It hasn’t always been easy for me to tell when a politician is pandering to me or my community — the all-important young, Black bloc of voters. As we approach the 2020 election, you can be sure we will see more and more touching photo ops of candidates with our children, and it can admittedly feel good to be recognized as a group important to the country’s future. Once upon a time, I gave my unwavering trust and offered my hopeful passion to Democratic candidates’ campaigns in an effort to be a part of the change I wanted to see the world.
Then I read the Moynihan report.
While the report, officially titled “The Negro Family: The Case For National Action,” was published in 1965, Daniel Patrick Moynihan’s racist and classist treatise still serves as a source of inspiration for many politicians working today. Whether they realize it or not, Moynihan’s misguided, misinformed, and anti-Black rhetoric provides content for contemporary politicians’ comments and opinions about Black people in the United States. Sadly, many of those comments and opinions are shrugged off as being misunderstood or, worse, backed by some truth.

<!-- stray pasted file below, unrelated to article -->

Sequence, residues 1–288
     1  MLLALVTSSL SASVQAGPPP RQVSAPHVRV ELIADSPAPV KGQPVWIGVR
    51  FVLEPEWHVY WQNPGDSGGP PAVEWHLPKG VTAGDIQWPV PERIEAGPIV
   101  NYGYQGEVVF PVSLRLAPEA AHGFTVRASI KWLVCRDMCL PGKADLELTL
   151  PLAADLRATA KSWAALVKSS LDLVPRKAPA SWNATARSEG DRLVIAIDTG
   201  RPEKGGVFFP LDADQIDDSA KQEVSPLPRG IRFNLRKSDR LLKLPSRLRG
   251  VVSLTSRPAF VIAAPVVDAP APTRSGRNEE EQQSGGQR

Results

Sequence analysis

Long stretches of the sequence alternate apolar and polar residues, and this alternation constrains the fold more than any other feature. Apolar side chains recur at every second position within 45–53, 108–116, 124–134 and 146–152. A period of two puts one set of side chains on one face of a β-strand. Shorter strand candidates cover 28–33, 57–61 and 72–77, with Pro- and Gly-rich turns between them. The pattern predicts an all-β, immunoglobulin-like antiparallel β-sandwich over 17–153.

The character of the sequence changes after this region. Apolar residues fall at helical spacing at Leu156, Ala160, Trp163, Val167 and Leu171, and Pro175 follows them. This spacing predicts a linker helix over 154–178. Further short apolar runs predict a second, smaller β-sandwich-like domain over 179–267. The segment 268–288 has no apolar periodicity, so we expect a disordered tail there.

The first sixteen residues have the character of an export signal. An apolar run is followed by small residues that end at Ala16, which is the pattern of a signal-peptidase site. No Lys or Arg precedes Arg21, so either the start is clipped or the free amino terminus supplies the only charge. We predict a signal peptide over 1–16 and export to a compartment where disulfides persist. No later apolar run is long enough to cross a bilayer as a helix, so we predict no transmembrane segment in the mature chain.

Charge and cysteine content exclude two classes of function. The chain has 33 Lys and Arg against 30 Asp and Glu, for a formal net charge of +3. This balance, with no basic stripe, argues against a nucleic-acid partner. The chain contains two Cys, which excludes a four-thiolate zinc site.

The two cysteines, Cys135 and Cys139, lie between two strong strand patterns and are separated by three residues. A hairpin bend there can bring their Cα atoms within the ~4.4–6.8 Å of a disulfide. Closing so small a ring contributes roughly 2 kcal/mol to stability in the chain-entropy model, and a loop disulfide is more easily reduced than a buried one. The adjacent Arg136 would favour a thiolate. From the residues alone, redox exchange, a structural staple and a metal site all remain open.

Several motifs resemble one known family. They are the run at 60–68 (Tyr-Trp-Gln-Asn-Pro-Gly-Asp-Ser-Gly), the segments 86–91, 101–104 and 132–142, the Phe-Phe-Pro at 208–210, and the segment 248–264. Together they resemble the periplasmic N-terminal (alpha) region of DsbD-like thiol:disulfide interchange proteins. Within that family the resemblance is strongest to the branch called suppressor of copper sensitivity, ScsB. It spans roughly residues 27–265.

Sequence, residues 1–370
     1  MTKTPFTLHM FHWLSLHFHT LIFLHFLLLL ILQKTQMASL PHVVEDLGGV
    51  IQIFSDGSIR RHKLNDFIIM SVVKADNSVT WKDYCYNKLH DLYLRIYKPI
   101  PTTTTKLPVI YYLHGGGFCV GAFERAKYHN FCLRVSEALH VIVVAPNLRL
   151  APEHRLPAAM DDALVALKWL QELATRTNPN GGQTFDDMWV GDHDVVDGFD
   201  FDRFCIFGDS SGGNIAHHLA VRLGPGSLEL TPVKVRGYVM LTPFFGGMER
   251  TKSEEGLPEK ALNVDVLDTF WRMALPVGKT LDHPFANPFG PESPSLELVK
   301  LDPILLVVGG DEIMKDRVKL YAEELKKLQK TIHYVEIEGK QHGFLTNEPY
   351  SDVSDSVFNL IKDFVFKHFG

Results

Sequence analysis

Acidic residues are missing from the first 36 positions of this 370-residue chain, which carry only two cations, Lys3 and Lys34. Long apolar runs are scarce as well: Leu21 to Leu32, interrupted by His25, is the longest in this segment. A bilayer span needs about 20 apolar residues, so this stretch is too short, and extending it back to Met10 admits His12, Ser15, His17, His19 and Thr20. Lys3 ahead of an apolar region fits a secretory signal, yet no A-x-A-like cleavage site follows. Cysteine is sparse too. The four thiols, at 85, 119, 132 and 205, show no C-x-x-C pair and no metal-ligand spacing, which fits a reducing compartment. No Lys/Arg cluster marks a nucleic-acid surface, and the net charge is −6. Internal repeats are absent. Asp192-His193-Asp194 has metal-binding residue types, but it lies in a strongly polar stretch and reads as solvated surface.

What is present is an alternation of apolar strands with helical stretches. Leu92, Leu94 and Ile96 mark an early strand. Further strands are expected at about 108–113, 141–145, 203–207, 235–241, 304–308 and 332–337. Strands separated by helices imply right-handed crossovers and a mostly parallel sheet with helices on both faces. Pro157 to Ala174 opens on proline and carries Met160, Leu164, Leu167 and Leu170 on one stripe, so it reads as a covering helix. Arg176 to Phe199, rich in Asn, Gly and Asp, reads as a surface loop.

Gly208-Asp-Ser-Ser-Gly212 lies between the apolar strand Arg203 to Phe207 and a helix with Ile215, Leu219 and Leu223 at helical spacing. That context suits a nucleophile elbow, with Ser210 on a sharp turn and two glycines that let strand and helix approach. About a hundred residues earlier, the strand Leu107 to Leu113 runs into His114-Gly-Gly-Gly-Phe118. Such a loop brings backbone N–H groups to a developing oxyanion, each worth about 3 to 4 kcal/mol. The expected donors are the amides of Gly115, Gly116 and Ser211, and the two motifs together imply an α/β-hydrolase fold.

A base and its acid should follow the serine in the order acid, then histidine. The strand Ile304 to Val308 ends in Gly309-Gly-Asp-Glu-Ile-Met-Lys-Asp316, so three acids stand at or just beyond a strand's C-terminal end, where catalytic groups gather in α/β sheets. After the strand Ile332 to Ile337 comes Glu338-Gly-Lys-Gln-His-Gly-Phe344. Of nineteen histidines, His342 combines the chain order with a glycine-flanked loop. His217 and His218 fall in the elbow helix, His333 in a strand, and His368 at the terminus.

Moynihan was the Assistant Secretary of Labor under Lyndon B. Johnson and he argued, in his report, that single Black mothers were to blame for the poverty and socioeconomic inequality faced by Black Americans. As someone hired to help Johnson develop policy initiatives to tackle the War on Poverty, Moynihan’s insight and research was critical. Black activists, scholars, and civil rights leaders have continuously criticized the Moynihan report for its reliance on harmful stereotypes about Black people rooted in violent anti-Black sentiments originating during the slave trade.
But despite its controversial stances and pseudoscientific data, the issues raised and claims made in the report remain popular in the United States’ political imagination. We can even see evidence of it in the current races for the 2020 presidential election. In subtle and unexpected ways, though.